Peter realizes these Christians are experiencing stress and will be tempted to turn to sin for relief and comfort. What Peter is trying to get them to do is focus on the finish line (Christ’s return) and the comfort they will receive at His Coming. Peter is basically saying, “Don’t look to sin for comfort and relief, but focus on the finish line and the comfort you will receive when you cross it.”
To illustrate the point consider this practical example. Compare if Jesus were to say to you, “Keep yourselves sexually pure until I return, which could be any day,” or if he were to say, “Keep yourselves pure for the next 60 years.” Do you see how Christ’s impending arrival moves up the finish line, keeps us focused, and encourages us to persevere in holiness?
Today there is a great lack of holiness in the church, for which there are manifold reasons. Yet, one of those reasons is clearly the loss of the hope and urgency that the teaching of the nearness of Christ’s return provides.
In Hebrews 10:25, it says “Let us not give up meeting together, as some are in the habit of doing, but let us encourage one another, and all the more as you see the Day approaching.” The idea expressed by “all the more” is one of picking up the pace of our Christian lives as we see the Day of Christ’s return approaching.
Jesus clearly taught that no one would know the day or hour of His return. But passages like Hebrews 10:25 suggest that Christians will have a sense of that Day’s approaching. In 1 Thessalonians 5:4 Paul says concerning the Lord’s return, that, “This Day should not surprise you like a thief.” Christians should have a growing awareness that Christ’s return is immanent.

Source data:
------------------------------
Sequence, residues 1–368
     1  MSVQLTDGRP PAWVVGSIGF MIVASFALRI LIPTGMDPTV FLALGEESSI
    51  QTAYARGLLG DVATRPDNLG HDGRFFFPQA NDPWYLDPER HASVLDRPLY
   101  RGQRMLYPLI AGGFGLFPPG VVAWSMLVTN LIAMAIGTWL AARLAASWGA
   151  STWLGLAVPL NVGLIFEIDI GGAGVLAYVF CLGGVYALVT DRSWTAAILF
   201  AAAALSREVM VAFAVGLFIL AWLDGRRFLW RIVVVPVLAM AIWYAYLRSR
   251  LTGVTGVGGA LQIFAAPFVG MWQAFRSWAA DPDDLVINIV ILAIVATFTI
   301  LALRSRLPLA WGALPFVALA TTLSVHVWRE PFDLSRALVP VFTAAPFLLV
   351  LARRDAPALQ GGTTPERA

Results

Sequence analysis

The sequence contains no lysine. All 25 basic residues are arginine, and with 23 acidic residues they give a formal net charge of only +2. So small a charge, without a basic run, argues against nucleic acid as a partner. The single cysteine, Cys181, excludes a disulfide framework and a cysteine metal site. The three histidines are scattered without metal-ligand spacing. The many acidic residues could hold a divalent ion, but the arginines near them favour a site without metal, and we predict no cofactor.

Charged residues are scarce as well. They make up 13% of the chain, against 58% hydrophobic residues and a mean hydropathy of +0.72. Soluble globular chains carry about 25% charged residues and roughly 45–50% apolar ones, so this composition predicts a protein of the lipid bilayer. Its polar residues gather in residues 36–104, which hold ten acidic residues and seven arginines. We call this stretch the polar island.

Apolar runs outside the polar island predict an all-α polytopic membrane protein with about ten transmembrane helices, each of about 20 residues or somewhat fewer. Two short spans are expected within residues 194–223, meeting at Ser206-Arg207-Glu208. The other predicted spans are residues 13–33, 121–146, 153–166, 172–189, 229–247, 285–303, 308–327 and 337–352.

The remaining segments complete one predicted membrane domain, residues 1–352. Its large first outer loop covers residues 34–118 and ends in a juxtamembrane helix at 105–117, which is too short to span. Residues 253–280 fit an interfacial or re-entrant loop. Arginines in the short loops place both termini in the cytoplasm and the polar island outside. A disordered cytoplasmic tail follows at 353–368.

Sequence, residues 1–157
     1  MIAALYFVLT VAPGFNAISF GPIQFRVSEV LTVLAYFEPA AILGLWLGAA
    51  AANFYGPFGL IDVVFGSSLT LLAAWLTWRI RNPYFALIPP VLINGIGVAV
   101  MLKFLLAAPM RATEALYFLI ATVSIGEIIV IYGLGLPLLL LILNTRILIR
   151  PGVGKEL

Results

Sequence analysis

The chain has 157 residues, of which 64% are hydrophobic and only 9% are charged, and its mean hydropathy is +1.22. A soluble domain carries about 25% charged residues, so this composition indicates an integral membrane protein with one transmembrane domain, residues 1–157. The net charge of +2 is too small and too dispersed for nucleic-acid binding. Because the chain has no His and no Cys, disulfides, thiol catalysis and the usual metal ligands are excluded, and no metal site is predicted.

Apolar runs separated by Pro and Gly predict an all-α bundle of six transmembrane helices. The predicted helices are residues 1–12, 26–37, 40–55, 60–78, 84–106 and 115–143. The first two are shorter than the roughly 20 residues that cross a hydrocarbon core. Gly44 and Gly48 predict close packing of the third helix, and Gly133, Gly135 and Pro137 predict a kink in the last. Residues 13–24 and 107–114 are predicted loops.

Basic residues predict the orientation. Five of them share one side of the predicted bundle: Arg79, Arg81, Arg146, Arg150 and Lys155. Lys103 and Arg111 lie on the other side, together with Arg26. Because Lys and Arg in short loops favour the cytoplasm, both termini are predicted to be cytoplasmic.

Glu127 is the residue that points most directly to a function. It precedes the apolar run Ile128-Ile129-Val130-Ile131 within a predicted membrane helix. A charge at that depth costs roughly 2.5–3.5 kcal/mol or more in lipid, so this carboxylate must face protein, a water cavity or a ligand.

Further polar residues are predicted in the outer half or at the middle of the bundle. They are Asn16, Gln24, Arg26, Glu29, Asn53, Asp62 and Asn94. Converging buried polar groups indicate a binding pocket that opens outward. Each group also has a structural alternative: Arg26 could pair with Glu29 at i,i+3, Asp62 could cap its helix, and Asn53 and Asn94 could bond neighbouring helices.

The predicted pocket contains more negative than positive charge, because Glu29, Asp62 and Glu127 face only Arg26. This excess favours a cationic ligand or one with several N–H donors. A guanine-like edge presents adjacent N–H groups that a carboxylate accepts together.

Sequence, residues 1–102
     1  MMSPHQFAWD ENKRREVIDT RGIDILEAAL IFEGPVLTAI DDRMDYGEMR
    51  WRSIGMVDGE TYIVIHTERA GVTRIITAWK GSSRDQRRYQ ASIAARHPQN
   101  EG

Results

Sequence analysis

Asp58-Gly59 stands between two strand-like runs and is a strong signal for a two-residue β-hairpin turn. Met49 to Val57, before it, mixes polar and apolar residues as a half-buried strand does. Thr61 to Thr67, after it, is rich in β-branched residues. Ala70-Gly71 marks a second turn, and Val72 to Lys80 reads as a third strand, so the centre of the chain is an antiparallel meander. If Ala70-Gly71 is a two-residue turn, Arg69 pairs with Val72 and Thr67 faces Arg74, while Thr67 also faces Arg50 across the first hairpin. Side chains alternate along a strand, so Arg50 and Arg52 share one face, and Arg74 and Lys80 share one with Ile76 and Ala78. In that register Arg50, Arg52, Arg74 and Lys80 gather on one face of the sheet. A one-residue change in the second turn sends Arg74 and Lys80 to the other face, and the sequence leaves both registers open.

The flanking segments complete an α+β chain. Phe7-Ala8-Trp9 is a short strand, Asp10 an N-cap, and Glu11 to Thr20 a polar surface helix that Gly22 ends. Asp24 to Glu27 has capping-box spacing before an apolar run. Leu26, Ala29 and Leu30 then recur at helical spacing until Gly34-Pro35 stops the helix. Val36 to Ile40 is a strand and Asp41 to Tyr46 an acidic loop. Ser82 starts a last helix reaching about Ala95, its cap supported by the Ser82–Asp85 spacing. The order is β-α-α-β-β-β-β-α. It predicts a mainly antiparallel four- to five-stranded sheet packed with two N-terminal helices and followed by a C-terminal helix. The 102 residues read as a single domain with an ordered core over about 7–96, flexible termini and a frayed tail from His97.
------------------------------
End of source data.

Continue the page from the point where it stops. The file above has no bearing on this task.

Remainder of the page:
Jesus was asked on one occasion what would be the signposts of his return. Rather than discouraging the question, He gave several signposts that believers might reference with a growing awareness that the hour was drawing near.
In Matthew 24:14, we read of one of the major signposts, “And this gospel of the kingdom will be preached in the whole world as a testimony to all nations and then the end will come.” What is exciting to realize is that while in 2,000 years this has not occurred, there is great reason to assume that all nations of the world will hear the gospel within this generation. For example, in just the last 30 years, over 6.5 billion people have seen the Jesus Film (the gospel of Luke put to film by Campus Crusade for Christ). This is just one of many significant events that are going on around the world that is bringing Christ’s words to their fulfillment. While we can not know the day or hour, where we stand in history related to this signpost is extremely significant, and should prod us to pick up the pace.
It is always enjoyable for me to watch the NBA playoffs, as some of the greatest athletes in the world compete for the championship of the NBA. In watching the first several quarters it would seem that everyone is unreservedly giving their best effort to win the game. Yet, amazingly, in the final minutes these athletes actually raise the intensity of their play. Every in-bounds pass becomes an opportunity for a steal or a basket. Every dribble of the basketball seems contested. All eyes keep glancing up at the clock as the game winds down to the final seconds. What you realize is that no matter how important the game, competitors play differently in the final minutes than they do in the first quarter.
This is the sense and motivation of “all the more” that we only get as we keep our eyes on “that Day approaching.”
As the gospel makes its final lap around the globe, we as Christians should have a sense of anticipation that causes us to pick up the pace of our Christian lives and ministry. There should be a feeling of leaning in toward the tape to finish the race. It is this “all the more,” and alertness that Christians need right now. The motivation for this exerted effort comes from “encouraging one another with these words” concerning the return of Christ.
Courage in the big choices, begins and is the extension of courageous choices we make every day, or don’t. Courage to hear the truth about ourselves, courage to stand up for the truth and courage to proclaim the gospel.
Did you know it’s misinformed to think of the Gospels as just biographies or a collection of Jesus vignettes? Or that we bypass the true intent of the Gospel authors? Like a trusty compass, Reading the Gospels Wisely helps to orient us.